Now, let's say you want to handle Quake 1 .map files.  Perhaps you want to do the project I'm doing: porting Quake to other engines.  Perhaps you want to use Quake 1-compatible level editors for your MonoGame or three.js projects.  Who knows?  Code for this series will be provided in C# for easy integration into tools and content pipelines.

First, let's look at what an entry in a .map file looks like.

{
 {
  ( x1 y1 z1 ) ( x2 y2 z2 ) ( x3 y3 z3 ) TEXTURENAME xofs yofs rotation xscale yscale
  ...
 }
 "key" "value" // Optional comment
}

Each entry in a .map file is enclosed in curly braces to encompass an entity.

Each entity can contain zero to many brushes.  Each brush is enclosed in curly braces.

Each brush must be convex can contain four to many faces.  (Why four?  Think of a three-sided pyramid and the base.)

Each face includes three vertices to define the plane, shown above as (x1,y1,z1) through (x3,y3,z3), a texture name, and all the information needed to calculate the texture coordinates for each final vertex.  Vertices are in clockwise order.  Most of the time, these vertices are the first three vertices of that face, but not always.  They're just there to define the plane.

Each entity can also contain one to many key/value pairs.  Each entity will have one key named "classname" which tells you what other key/value pairs you should expect.

If you find a classname of "worldspawn" in the entity, this will be all of your static geometry.  You can use this information to heavily optimize this information for rendering or other work: do texture batching, visibility calculations, collision calculations, etc.

While you can have comments in your .map files, you probably won't see them.

If you think about it, this gives you a good way to handle save game separation as well.  When you are saving your game, iterate through your world and serialize out the information for any entity that isn't worldspawn.  When you are loading the saved game, you can load only the worldspawn entity, then overlay your other entity information from your save game.

Now that we have that information, we know what we need to parse the .map file.  Here's a functioning map parser.  It fills a Map object with Entities that can contain key/value pairs and Brush objects containing Faces.

http://www.romsteady.net/quake1/Quake1Map-ParserOnly.zip

Next time, we'll turn this information to a polygon soup.

March 30, 2015

The Failures Of Binary Formats In Development

One thing I've wanted to do for the last few weeks is dive back into game development.  While I was back at Amazon, I could do game dev work that I had grandfathered in, but I couldn't technically do any new game dev work.  Fortunately, Netflix lets me do pretty much whatever I want outside the office, provided it isn't creating a new video streaming service.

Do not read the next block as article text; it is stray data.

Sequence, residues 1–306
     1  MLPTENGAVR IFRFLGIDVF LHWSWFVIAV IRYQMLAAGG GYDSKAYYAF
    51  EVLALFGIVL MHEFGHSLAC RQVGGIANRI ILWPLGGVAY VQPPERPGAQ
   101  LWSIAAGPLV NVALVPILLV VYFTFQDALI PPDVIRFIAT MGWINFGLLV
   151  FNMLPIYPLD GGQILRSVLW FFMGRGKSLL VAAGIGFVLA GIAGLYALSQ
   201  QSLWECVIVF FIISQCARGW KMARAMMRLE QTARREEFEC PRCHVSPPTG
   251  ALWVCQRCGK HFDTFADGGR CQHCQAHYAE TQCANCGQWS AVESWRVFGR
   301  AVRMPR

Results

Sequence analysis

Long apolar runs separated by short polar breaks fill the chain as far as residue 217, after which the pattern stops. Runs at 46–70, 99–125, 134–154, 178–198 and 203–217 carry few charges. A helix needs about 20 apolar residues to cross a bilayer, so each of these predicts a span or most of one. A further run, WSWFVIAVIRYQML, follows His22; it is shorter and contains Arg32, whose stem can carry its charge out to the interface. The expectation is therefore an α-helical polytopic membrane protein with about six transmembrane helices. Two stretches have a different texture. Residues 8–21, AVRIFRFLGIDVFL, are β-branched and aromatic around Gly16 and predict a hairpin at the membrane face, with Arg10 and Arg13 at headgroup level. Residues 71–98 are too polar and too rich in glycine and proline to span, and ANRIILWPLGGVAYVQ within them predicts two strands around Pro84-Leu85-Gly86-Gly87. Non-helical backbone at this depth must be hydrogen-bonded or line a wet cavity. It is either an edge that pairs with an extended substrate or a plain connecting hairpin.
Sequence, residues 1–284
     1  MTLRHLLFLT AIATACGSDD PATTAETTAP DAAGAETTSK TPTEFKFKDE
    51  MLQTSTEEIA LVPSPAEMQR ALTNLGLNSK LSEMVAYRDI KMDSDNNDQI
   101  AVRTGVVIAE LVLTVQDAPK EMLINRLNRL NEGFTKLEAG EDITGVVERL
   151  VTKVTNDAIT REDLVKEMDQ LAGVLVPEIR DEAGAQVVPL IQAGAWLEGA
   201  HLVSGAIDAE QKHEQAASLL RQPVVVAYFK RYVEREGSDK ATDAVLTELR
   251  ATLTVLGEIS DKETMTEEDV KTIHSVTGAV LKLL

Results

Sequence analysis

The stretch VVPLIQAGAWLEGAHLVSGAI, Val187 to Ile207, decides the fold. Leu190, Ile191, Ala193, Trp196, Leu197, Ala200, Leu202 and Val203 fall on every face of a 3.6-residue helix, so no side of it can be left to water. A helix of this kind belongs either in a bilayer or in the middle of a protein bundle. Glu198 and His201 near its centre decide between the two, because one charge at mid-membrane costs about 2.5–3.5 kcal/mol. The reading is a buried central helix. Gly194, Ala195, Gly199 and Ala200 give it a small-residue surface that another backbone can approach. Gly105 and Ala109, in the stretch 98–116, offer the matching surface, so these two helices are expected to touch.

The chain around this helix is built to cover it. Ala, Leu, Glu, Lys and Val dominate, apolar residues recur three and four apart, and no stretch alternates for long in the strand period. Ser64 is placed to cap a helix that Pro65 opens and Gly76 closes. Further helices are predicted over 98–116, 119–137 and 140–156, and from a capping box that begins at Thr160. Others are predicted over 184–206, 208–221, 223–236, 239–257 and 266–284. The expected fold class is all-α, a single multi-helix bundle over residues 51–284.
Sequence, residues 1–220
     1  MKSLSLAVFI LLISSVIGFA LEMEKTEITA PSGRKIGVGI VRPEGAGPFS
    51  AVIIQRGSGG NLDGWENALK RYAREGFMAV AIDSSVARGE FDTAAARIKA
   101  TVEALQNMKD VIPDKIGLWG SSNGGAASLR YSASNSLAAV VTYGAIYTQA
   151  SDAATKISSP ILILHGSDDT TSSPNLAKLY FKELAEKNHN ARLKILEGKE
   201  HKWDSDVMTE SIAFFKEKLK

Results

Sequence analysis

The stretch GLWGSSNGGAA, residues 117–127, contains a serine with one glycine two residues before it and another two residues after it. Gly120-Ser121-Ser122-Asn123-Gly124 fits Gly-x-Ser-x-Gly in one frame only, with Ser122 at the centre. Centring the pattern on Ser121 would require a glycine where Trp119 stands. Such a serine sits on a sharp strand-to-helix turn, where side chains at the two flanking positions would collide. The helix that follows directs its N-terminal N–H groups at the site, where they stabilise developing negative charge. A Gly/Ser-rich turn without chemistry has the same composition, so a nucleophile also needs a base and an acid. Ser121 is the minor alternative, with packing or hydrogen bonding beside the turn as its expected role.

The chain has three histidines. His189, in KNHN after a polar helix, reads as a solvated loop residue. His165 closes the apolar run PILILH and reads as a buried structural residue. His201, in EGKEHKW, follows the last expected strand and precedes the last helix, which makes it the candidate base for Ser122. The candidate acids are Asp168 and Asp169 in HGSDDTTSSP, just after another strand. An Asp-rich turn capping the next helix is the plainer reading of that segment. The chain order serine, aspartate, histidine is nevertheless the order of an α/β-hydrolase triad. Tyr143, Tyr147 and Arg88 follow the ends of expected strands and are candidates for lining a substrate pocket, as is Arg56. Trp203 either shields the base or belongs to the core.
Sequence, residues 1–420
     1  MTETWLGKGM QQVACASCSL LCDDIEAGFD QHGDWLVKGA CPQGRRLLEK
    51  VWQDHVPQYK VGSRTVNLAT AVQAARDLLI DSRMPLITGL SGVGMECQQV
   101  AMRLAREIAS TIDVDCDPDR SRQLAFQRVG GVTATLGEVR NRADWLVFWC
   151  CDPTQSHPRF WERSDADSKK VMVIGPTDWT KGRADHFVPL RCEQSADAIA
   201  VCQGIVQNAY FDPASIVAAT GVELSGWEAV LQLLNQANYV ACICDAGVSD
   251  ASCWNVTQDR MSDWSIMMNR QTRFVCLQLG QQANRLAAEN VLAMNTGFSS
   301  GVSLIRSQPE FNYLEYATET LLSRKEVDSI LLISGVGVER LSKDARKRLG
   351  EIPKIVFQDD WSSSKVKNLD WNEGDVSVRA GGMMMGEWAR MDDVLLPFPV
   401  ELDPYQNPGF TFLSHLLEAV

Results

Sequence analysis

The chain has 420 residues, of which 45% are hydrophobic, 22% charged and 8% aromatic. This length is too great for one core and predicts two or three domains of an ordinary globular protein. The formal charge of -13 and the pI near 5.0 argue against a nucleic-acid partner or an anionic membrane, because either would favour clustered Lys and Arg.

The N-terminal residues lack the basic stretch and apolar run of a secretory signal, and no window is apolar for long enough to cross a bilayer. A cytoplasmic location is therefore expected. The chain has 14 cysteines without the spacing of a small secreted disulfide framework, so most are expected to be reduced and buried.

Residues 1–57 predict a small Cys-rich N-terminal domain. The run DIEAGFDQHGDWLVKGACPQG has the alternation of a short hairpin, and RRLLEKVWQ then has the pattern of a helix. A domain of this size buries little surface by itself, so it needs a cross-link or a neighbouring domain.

With that said, I needed a solid project to drive me forward.  I had licenses for Unreal Engine 4, Unity 4/5, and Leadwerks 3.x, tons of assets I had been collecting and licensing over the last few years, and some larger projects in mind, but I wanted something small and contained...something where I could spend a week or two working on the project and have something done.  I wanted something completable.

While I was browsing through my assets looking for a little inspiration, I found quake_map_source.zip.  Basically, John Romero had released the original .map files for Quake v1.06 back in 2006.  I started remembering back when Tenebrae was released, people were going in and manually placing lights to try to get the effects, and here I am with the source files.  Why not see if I could get Quake maps functioning in these other engines?  And thus, a project was born.  I wouldn't be able to release a full project because that would virally taint the engines with the GPL, but I could release code and tools to let people recreate it themselves.

I decided to start with Leadwerks.  I had backed the v3 engine on Kickstarter, and Josh had been nice enough to release the runtime code to the Map class loader at my request.

The Leadwerks map class is a binary chunked format.  The first 32 bytes of the file include a magic number to identify it as a Leadwerks scene file (SCEN), a version number, and then offsets to where you will find each chunk.  Dealing with a chunked file is fairly easy to do:

  1. Serialize each chunk to an internal buffer
  2. Write out an empty directory chunk up front